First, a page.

The What and Why of "Erasure"

“Erasure” is currently on display in the Anna E. Kresge Library art gallery, featuring Covenant’s own art department, including the three full-time art professors, Jeff Morton, Elissa Yukiko Weichbrodt, and Kayb Joseph, as well as the three adjunct art professors Tom Kilpatrick, Tianna Weaver, and Kate Kelley.

“Erasure” is the name of the show, but the faculty featured in this show don’t want their viewers to erase the show from their minds.

Dr. Morton explains, “Erasure as a noun means the removal of writing, recorded material, or data. As a verb, to erase is a process of an attempt, an assessment, and a reassertion… I chose the title because I believe that the artists represented in ‘Erasure’ are deeply connected to an artistic practice situated in the space between doubt and belief, uncertain about their art but equally certain about the importance of their work.”

The birth of “Erasure” was the result of an unexpected opening in the fall schedule for the library art gallery. Dr. Weichbrodt suggested that the faculty fill the gap.

“I knew that all three full-time faculty had been making new work over the summer, so I suggested that we do a faculty show. I thought it would be a good opportunity for our students and colleagues to get a glimpse of what we do outside of the classroom,” Dr. Weichbrodt said.

Dr. Weichbrodt’s pieces were a response to a trip to Italy she took this past May.

“I needed a way to process all of the art that I had seen. Collage was the perfect medium for exploring the juxtapositions of beauty and violence that I saw in so many works in Europe. It was thrilling to see Bernini's “Apollo and Daphne” in person, for example, but also sobering to recognize how Apollo's unwanted sexual advances had been transformed into an aesthetically and technically stunning work of art,” Weichbrodt said. “I wanted a way to reconcile this with the many Visitation paintings. I also saw in Italy, images of Mary and Elizabeth reaching towards each other in empathetic understanding. Collage allowed me to both demonstrate the moral dilemma inherent in some of these Baroque and Renaissance artworks and to create alternative spaces for women to care for each other.”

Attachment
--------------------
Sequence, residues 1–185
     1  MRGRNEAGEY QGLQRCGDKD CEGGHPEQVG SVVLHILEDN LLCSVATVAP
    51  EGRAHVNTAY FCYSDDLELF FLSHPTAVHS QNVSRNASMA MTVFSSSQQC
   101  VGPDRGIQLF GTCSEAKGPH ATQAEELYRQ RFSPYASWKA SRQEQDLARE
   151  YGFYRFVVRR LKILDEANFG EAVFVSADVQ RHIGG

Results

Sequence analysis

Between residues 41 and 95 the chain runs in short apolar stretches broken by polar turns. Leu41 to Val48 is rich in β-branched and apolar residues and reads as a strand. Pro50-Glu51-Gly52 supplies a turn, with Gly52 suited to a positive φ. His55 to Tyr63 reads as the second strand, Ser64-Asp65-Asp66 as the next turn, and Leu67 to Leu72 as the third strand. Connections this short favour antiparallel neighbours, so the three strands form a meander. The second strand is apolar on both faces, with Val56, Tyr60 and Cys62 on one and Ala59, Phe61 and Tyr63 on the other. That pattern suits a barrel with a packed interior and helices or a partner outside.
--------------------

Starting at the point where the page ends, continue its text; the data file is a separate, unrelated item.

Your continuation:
Professor Kayb Joseph’s pieces follow a different vein, and not one that she usually chooses to pursue.

She explained that most of her previous work has something to do with the human figure. Professor Joseph’s pieces displayed in “Erasure,” however,  use a different sort of figure than those she is used to working with. “I feel like my work [in the show] is very abstract. It’s very conceptual. You could completely miss the point if you didn’t read the bio next to it.” After reading the bio however, the work begins to take on meaning that is not simply the viewer’s interpretation. These pieces are about memory.

“One of my good friends is a poet. One time when we were talking, she [said] ‘I can’t find that word, I can’t find that word,’ and it was just driving her crazy. ‘I’m a poet, I can always find the word... But you know what, ever since I had my kids I lose words all the time and it’s so aggravating to me.’ When I went into the studio the next day, I made [“Some of the Things I Gave to You”]. It was like a drawing of our conversation,” Joseph explained.

Professor Joseph went on to say that, before she had children, her memory was exceptional, and that she often remarks that she gave her memory to her children.

“I realized that’s something I actually think about all the time, so I decided, ‘I think I need to be making work about that,’” Joseph said.

Professor Jeff Morton’s pieces are something entirely different altogether. They are massive charcoal drawings of kudzu roots, made while he was on sabbatical. Kudzu is an invasive plant that has fascinated Professor Morton for a long time. In fact, last year, his work on kudzu was featured in the show “Thinking of a Place: Finding Home in the Wilderness” at Covenant College. These particular pieces evoke a sense of awe, and even fear.

In his Drawing Principles class, Professor Morton told a story of a conversation he overheard during the opening night of the show. A small child said to his parents that the drawings scared him and that he didn’t like them. Professor Morton, far from being discouraged, told his class that it was very exciting to him, because that was his intent. The drawings are not meant to be comforting. They are meant to, in a sense, overwhelm the viewer and render them speechless.

Tom Kilpatrick, Tianna Weaver, and Kate Kelley also feature pieces in this exhibit, but you should take a study break sometime and go check them out yourself.